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May 10, 2002
7:25 PM   Subscribe

Paul Wolfowitz, leading US Hawk, says insightful, intelligent things about Islam, expresses sympathy for Palestinian suffering at a pro-Israel rally. The crowd doesn't appreciate his point. (Transcript here.) Rumsfeld says "No more Crusaders!" Bravo, DoD-- stay on message! See a pattern?
posted by sheauga (17 comments total)

 
"Suffering has good qualities.
Through being saddened by it, arrogance is dispelled.
Compassion arised for those trapped in cyclic existence,
Evil is shunned and joy is found in virtue."

- Shantideva, "The Suffering of the Lower States"
posted by sheauga at 7:26 PM on May 10, 2002


Well, I'll bite. The Crusader missile program is being cancelled due to its unfortunate name. This propaganda masterstroke has been carefully coordinated with thoughtful articles and speeches by an administration thinktanker in an effort to persuade the Muslim world that we are not, after all, that bad. American AIPAC and JDL activists will nonetheless jeer at said speaker when he asserts that there should be a Palestenian state. Where Buddhism fits into all of this, I cannot discover.
posted by crunchburger at 8:02 PM on May 10, 2002


[Tangent]While Army Secretary Thomas White has been absolved of participation in the Crusader drama, he may soon be under investigation for having played a role in California's energy crisis while he was at Enron.[/Tangent]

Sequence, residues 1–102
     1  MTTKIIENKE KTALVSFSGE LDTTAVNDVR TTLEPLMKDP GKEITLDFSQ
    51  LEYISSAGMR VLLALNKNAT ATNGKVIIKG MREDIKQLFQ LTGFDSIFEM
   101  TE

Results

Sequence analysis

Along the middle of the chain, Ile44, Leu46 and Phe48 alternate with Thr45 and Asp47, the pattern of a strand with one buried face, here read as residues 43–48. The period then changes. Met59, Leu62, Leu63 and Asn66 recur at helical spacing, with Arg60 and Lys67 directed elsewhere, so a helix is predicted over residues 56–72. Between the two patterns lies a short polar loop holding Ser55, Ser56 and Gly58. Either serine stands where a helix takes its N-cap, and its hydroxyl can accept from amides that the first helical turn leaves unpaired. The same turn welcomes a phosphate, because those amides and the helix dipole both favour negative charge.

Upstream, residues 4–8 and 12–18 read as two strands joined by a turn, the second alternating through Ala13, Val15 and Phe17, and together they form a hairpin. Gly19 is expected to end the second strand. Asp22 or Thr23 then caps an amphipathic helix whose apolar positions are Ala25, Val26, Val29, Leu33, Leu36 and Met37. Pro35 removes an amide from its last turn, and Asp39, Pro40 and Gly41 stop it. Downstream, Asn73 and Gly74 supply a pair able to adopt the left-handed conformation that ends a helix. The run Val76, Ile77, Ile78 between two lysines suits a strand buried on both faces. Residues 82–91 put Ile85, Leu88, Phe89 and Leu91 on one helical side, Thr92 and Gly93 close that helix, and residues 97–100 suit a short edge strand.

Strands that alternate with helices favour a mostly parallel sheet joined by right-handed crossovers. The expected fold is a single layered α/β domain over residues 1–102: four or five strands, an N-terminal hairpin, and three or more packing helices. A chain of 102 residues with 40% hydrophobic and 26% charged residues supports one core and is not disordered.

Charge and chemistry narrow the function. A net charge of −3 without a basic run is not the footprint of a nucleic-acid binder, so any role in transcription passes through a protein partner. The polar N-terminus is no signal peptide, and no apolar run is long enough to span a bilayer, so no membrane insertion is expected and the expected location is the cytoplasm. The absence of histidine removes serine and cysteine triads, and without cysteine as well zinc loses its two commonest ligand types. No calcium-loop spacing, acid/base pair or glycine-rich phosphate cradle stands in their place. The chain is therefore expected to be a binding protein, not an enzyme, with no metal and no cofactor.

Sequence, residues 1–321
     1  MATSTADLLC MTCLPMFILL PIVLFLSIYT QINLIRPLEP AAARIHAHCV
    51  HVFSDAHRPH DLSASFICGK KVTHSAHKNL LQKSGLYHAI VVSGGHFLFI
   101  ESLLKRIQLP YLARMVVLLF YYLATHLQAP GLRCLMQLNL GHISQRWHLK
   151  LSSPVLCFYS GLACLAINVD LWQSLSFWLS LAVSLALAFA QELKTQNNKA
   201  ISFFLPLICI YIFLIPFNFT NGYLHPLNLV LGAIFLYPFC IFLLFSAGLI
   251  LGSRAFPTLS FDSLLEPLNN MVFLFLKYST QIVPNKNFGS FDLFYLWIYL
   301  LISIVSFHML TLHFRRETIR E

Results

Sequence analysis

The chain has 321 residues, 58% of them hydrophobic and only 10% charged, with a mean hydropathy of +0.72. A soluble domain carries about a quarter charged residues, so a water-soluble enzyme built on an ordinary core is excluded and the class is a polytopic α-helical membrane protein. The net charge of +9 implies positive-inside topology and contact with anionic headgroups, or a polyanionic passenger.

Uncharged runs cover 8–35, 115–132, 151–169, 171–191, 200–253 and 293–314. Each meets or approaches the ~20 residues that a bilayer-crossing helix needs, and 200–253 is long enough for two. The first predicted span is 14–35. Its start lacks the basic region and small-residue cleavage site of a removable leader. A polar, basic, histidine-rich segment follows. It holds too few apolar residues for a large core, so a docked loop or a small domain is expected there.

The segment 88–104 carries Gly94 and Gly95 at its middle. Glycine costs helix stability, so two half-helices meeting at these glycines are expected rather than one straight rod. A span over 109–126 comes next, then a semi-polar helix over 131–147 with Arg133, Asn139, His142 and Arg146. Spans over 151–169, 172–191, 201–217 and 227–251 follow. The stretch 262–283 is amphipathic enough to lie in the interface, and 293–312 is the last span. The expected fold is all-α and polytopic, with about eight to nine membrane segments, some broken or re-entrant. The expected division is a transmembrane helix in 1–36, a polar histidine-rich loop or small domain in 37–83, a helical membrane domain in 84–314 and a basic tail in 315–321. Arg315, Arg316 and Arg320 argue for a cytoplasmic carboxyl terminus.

posted by homunculus at 9:17 PM on May 10, 2002


sheauga's being impish.

The Crusader is the classic example of a military program past its expiry date. A massive tracked artillery piece designed in the 1980s for what is habitually described as "stopping the Red Army at the Fulda Gap" (a German lowland perfect for a massive tank advance), it continued in development despite the evaporation of the Soviet threat. Rumsfeld's writ on returning to DoD was reform, with the oft-cited model being the integrated light armor division (like 10th Mountain, or the Marines), easily deployable anywhere in the world on a moment's notice (well, maybe 2-6 weeks or so). The 38-ton Cru just didn't fit that model; we don't even have any planes that could land in Afghanistan with one (crummy runways). Yet it lived on, and the Army was reluctant to give up its future crown jewel. Now, Rummy's won for the moment, but pork-barrel politics in Congress might yet resurrect it.